Canada’s largest grocer recently released its fourth quarter numbers for 2012. The company reported a profit drop of 17.8 percent over this period, and stated that they are considering consolidating some of the company’s many well-known banners. So what accounts for this significant drop in profit? Is a declining customer experience to blame? And if this is the case, what can other retailers learn from it?
In the consumer packaged goods arena, the customer experience plays a crucial role in acquiring and retaining the consumer, and if retailers do not take the customer experience seriously this will have a considerable impact to both the retail brand’s bottom line as well as the brands who list their products there.
Many of this company’s banners are known for their appealing store layout but when it comes down to it, that may draw consumers in but does it keep them coming back? Not necessarily. Once the customer is in the retail environment continuing a positive customer experience is critical. Long line ups, poor customer service, lack of staffing and substandard retail merchandising can all lead customers away from your store, regardless of how great the store looks aesthetically or how it is laid out. If product is not in stock, or not located in the appropriate place, customers will quickly realize that an appealing store layout accounts for little when it comes to their needs.
Employees play a major role in overall customer experience. Being knowledgeable about the products, their location in-store, and their ability to provide assistance when necessary all lead to higher levels of customer satisfaction. But what about those employees who see their jobs as little more than a stepping stone? Or what impact does protective unionization have on the level of service provided? If the incentive to perform is not there and the retailer is not creating an air of accountability the results can be damaging. These things all need to be managed correctly to ensure that the customer experience is not declining.
We recently had a customer tell us that they attended a store on a Sunday (a prime shopping day) and that there were significant line ups, only four check-outs open, and when they approached a manager to complain they were told what do you want me to do, our employees are union? That is not good customer service and it is not a good reflection of the brand. The individual who reported this to us will never return and so not only is the retail brand impacted but also the CPG brands who list their products there.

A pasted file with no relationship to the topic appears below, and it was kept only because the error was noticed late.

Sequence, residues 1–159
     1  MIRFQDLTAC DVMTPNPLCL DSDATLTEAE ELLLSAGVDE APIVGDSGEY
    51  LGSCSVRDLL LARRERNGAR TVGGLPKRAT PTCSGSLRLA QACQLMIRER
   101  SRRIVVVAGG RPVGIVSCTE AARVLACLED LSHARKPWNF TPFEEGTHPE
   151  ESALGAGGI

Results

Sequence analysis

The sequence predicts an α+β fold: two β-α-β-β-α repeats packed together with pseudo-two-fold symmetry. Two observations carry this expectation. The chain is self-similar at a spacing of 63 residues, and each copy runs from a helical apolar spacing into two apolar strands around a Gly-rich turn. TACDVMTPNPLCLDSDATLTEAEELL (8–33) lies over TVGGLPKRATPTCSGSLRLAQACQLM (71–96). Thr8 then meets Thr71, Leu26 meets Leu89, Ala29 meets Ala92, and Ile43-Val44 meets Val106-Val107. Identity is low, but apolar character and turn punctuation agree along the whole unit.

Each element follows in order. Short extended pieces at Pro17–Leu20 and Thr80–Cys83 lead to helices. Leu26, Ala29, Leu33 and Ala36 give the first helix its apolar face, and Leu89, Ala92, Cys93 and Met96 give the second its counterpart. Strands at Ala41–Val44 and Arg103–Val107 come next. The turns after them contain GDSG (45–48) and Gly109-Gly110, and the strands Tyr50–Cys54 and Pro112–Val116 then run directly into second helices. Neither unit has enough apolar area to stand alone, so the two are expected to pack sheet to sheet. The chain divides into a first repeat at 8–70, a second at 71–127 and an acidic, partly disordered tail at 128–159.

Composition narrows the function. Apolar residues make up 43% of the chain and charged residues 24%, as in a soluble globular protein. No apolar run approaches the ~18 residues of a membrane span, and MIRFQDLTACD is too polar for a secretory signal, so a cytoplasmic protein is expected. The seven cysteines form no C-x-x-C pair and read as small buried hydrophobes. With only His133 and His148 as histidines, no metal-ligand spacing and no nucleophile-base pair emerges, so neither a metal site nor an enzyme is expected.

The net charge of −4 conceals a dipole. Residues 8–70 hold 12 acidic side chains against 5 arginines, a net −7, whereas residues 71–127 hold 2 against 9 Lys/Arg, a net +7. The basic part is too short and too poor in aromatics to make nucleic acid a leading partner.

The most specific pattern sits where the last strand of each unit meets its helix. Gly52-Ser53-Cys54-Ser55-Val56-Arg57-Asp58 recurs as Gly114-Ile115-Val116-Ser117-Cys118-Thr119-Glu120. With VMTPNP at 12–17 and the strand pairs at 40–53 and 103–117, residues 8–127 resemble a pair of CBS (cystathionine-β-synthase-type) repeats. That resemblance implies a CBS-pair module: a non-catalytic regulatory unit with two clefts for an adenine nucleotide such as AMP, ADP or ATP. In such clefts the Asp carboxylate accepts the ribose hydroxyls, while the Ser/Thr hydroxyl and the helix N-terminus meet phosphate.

CPG brands looking to improve or build on their existing customer service levels need to recognize the importance of retail merchandising. When your product is listed at a retailer you still do have some control. Having a plan in place to tackle things and put your own feet on the ground. Retail merchandising companies proficient in these types of issues can help establishing a plan for effective merchandising that will get real results. They can also have their merchandisers go into retailers on your behalf to ensure that everything is working the way that it should be and alert you to challenges at the retail level that need to be addressed.
The Canadian grocery chain has listed several different tactics that may be used in the coming months in an attempt to regain their profit lead, but if declining customer experience has played a part in the declining profits, improving it will be essential. The same rings true for any retailer, and in order to keep sales up, the customer needs to feel satisfied with their overall experience.
For more information about how merchandising services can improve customer experience, please contact Storesupport by calling 1-877-421-5081 or visit www.storesupport.ca.